Aims: Intensive management of risk parameters in diabetic patients may retard the progression of both micro- and macrovascular complications. Intensified care requires expert staff and is expensive. The aim of the present study was to examine whether sharing the therapeutic responsibility with the patients will improve the outcome.
Methods: A randomized prospective study of 165 patients with diabetes mellitus Type 2, hypertension (> 140/90 mmHg) and hyperlipidaemia (LDL-C > 120 mg/dl). Patients were randomly allocated to standard annual consultation (SC) or to a patient participation programme (PP). The medical care for both groups was administered by primary care physicians, who were unaware of the nature of the intervention.
Results: At 4 years the mean blood pressure was 148/88 (+/- 6.1/1.7) mmHg in the SC patients vs. 142/84 (+/- 5.8/1.8) mmHg in the PP group (P = 0.02). The mean LDL-C was 124 +/- 8 and 114 +/- 6 mg/dl (P = 0.01) and the mean HbA1c was 8.9 +/- 1.2% and 8.2 +/- 1.5% (P = 0.04) in the SC and PP groups, respectively. The average annual fall in estimated glomerular filtration rate was 3.5 ml/min per year in the SC group vs. 2.25 in the PP group (P < 0.05). Albumin/creatinine ratio > 300 mg/g developed in four SC patients vs. none of the PP patients. There was a total of 36 cardiovascular events in the SC group vs. 23 in the PP group (P = 0.04). All patients in the PP group received ACE inhibitors (or AII blockers) and statins vs. 52% and 43%, respectively, in the SC group. Glucose-lowering regimens were similar.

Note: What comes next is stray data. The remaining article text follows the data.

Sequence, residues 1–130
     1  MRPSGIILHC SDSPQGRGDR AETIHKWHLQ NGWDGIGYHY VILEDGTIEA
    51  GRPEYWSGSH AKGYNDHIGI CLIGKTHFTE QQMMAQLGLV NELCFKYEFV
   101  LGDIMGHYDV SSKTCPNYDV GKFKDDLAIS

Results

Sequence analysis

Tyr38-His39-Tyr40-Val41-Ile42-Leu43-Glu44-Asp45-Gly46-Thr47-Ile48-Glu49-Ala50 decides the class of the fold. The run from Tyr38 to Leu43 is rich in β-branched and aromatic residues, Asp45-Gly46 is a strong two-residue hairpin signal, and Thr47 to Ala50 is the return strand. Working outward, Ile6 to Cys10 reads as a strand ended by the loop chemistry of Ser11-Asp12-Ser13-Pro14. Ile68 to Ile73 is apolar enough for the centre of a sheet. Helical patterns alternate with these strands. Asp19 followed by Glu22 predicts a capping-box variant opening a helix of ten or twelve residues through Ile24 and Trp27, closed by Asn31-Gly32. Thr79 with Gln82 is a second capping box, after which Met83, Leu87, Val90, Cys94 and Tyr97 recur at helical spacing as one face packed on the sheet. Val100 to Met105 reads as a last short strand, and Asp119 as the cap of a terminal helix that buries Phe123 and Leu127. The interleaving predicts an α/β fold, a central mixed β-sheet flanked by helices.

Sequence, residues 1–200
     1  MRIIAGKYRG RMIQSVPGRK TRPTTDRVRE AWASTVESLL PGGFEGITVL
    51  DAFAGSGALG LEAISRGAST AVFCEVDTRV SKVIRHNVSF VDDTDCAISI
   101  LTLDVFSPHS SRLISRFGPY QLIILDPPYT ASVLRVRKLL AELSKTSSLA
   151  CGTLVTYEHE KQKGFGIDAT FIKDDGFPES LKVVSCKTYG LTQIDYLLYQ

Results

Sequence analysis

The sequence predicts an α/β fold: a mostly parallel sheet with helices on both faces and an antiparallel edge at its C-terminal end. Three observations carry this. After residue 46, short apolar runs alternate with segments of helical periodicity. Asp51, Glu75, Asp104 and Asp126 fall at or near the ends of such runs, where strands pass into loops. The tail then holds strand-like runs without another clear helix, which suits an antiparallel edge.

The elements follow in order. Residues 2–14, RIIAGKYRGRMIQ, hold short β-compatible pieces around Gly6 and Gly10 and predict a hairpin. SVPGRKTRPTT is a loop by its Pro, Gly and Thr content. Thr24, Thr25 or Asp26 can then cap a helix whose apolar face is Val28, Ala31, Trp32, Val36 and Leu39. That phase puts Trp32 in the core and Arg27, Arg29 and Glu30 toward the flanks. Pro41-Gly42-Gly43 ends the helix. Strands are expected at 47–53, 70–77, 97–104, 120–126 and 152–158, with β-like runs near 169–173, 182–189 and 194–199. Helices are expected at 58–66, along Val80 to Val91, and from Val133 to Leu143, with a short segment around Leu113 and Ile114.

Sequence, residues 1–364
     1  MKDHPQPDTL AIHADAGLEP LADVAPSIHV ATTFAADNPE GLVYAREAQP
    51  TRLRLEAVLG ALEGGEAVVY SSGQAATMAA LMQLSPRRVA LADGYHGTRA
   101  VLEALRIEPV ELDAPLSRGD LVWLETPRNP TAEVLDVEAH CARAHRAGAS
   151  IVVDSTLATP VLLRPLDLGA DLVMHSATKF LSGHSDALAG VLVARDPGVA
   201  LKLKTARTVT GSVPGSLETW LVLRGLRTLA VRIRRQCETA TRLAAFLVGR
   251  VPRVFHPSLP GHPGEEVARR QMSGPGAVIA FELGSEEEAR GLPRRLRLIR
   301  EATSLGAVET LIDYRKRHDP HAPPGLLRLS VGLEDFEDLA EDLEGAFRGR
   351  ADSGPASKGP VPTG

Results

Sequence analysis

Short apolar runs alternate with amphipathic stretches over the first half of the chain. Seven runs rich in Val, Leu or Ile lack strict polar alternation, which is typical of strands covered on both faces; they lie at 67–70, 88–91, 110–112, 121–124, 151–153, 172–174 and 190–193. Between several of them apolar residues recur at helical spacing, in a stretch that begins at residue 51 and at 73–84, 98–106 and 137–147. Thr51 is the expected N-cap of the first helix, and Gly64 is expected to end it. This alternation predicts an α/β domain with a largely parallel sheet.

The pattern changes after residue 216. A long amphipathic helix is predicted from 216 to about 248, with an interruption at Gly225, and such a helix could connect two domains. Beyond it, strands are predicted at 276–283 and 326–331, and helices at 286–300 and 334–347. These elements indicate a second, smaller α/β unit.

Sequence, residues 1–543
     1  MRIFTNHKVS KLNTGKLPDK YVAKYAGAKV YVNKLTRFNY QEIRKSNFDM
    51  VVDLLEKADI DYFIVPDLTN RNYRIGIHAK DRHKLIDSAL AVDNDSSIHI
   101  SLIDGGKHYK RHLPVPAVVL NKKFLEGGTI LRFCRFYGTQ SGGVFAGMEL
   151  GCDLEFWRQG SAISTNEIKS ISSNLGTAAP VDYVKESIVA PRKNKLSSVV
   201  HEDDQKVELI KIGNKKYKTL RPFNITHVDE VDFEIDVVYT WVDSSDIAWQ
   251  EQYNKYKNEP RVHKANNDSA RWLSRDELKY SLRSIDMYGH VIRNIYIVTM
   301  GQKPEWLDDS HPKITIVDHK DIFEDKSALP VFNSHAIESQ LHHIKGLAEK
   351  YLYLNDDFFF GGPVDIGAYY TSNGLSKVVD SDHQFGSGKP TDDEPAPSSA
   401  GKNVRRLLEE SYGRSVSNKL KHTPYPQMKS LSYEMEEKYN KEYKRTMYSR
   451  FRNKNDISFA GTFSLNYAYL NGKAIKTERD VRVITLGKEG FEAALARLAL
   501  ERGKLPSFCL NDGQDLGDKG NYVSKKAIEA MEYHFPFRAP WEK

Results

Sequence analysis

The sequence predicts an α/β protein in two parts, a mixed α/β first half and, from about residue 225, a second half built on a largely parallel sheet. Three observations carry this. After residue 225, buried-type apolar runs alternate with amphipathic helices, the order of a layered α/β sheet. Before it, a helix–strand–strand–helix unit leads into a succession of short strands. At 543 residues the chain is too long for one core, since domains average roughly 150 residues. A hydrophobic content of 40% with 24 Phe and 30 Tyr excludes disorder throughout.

Conclusions: Well-informed and motivated patients were more insistent to reach and maintain target values of the main risk factors of diabetic complications. The differences between the PP and SC groups were of the same order of magnitude as those between intensive and standard care groups in other studies albeit with, comparatively, a very modest cost.